I’m policing a cafeteria recycling bin, directing students like a traffic cop: “That goes in the garbage; remove that straw and put the milk carton in here; dump the mac-n-cheese before you toss the container in the blue bin.”
Welcome to Trash-Free Friday. That’s when North Shore students and nationwide are challenged to eliminate their lunchroom waste—things like plastic baggies, one-use bottles and candy wrappers. Landfills are nearing capacity and waste-removal costs are skyrocketing. And when it comes to school garbage, the cafeteria is ground zero, producing more garbage than any other area of a school combined.
According to wastefreelunches.org, a site that promotes the cause, a school-age child who packs a disposable lunch generates on average 67 pounds of waste per school year. That equates to 18,760 pounds of lunch waste for just one average-size elementary school. Wilmette’s District 39 sold 111,626 disposable water bottles to students and teachers in the 2008-09 school year.
That’s a lot of trash. Susan Ozawa, gifted and talented resource teacher at Braeside Elementary School in Highland Park, knows only too well. Three years ago her fifth graders lobbied to start a waste-reduction program, replete with a weighing of the garbage, which they still do on a daily basis.
For a school with about 300 kids, it produces on an average day about 24 lbs. of garbage, down more than 50% from before it began recycling and worm composting a few years ago, Ozawa says.
“The kids really feel like they’re making a difference,” she says. On any given day, or one of the school’s “Litter-Less Lunch Days,” the student recycling team mans the garbage and recycling bins, helping kids sort their trash.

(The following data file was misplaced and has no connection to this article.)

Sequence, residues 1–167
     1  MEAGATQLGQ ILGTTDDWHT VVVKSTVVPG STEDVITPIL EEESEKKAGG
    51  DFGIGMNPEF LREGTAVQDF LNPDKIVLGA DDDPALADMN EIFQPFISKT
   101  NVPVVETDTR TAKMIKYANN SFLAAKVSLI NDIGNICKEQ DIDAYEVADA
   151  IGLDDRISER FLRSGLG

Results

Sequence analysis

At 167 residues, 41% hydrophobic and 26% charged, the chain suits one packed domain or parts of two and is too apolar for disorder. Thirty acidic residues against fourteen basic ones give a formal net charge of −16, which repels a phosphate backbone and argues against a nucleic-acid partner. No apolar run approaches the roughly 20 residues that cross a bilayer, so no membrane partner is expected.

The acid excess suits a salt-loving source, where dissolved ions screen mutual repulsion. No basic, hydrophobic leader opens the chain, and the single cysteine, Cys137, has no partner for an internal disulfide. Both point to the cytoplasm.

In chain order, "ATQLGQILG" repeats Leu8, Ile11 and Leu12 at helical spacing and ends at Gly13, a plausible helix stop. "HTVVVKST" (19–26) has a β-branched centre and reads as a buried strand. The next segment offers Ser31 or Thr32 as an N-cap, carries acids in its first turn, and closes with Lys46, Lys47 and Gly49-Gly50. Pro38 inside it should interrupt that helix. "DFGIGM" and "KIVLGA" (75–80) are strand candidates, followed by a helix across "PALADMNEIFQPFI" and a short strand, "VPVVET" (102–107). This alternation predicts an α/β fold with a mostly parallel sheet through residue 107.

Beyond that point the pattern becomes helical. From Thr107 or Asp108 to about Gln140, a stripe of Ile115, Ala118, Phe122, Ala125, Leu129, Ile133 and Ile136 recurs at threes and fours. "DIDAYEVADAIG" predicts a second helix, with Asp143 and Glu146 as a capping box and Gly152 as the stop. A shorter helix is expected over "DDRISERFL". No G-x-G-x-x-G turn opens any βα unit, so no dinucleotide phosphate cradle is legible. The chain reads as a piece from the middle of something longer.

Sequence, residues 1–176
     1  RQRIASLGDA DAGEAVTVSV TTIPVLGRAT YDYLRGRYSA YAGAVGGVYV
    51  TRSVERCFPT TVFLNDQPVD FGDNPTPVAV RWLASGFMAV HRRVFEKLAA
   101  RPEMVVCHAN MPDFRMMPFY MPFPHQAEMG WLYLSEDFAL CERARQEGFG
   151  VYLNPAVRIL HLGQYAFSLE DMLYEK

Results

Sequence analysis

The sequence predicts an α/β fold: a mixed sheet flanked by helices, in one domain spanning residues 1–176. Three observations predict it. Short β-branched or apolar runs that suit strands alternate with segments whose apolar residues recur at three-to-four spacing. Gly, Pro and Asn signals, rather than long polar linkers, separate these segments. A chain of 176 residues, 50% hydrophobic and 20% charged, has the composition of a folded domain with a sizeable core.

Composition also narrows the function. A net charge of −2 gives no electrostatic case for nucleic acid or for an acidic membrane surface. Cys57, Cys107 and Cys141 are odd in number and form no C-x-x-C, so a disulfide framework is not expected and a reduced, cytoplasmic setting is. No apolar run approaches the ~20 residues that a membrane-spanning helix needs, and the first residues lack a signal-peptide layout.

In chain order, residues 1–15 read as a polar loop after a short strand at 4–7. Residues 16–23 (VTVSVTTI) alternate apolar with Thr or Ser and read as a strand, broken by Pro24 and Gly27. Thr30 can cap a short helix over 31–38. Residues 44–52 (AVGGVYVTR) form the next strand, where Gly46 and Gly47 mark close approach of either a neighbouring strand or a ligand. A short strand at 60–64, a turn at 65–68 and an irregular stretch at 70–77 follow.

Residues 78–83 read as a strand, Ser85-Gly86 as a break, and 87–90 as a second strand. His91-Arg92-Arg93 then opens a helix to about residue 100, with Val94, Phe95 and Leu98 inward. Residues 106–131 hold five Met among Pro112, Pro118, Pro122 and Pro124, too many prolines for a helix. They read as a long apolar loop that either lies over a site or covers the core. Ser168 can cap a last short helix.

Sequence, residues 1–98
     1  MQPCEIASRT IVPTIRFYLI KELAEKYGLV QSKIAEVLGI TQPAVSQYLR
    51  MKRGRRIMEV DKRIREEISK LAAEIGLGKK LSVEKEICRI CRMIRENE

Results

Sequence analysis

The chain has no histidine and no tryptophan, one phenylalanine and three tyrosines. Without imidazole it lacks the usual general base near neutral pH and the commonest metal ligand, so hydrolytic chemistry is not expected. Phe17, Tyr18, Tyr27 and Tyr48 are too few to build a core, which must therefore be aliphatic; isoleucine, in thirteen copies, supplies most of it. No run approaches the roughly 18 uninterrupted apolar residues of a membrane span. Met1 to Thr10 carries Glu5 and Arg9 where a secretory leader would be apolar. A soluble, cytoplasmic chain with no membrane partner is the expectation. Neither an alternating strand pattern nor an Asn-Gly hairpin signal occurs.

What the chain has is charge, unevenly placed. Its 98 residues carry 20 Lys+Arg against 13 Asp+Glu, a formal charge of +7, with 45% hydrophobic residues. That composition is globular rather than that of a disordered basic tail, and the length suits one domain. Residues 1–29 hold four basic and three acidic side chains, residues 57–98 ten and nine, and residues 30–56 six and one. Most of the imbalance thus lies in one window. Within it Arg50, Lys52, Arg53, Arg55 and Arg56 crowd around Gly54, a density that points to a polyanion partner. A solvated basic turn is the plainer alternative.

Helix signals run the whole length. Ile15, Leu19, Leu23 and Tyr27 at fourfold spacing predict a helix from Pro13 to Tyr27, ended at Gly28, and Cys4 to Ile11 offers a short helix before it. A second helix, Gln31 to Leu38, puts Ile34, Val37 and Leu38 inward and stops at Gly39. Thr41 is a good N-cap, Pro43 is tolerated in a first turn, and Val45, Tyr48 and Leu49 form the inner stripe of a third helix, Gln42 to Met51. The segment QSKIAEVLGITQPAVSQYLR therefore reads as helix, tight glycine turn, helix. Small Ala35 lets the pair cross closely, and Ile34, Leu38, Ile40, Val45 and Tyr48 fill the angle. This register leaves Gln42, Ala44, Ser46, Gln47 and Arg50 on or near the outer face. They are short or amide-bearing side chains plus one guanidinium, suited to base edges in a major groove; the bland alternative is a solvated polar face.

“They panic if a milk carton lands in the garbage,” she says, noting that she watches as her kids regularly fish Capri Sun pouches, Lay’s potato chip bags and Nabisco cookie wrappers out of the trash to save and send to TerraCycle, a company that converts trash into bags, kites and other products.
Striving for zero waste isn’t easy, says Gina Ney, environmental awareness co-chair at Central School in Wilmette, who’s run Waste-Free Days. Instead, she says, the focus should be on reduction: Students should be urged to use reusable containers, take home nonperishable excess food, and talk to their parents about packing less or different food.
In the end, Ney says, “The best recyclers come from homes that recycle.”
Want to reduce waste in schools? Here are a few resources:
- WasteFreeLunches.org: This site sells reusable lunch containers and has information on how to set up a waste-free lunch.
- SWANCC.org: The Solid Waste Agency of Northern Cook County offers resources on how to conduct a waste-free lunch, such as sample letters to send to parents to explain a waste-free lunch and tips on how to pack one. SWANCC also has $200 grants available for schools that can be applied toward waste-reduction efforts, such as buying recycling bins or worm compost bins.
- IllinoisRecycles.org: Sponsored by the Illinois Department of Commerce & Economic Opportunity, this site has resources as well as an application for the Illinois Zero Waste Schools Grant Program.
- Terracycle.net: Get paid for your trash—TerraCycle pays for everything from Capri Sun drink pouches to Lay’s potato chip bags and Elmer’s Glue bottles, which it turns into other products.
Want to make your own kid’s lunch a little less wasteful? Try this: